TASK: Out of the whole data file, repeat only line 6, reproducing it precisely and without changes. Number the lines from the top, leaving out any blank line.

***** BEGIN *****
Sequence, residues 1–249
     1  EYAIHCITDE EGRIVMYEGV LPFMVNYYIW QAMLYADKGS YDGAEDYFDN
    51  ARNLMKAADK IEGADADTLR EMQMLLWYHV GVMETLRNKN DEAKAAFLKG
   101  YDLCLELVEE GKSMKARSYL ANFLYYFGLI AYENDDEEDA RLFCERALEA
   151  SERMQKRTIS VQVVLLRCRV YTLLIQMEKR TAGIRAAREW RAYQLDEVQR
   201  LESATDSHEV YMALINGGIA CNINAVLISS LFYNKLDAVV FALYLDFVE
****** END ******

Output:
   201  LESATDSHEV YMALINGGIA CNINAVLISS LFYNKLDAVV FALYLDFVE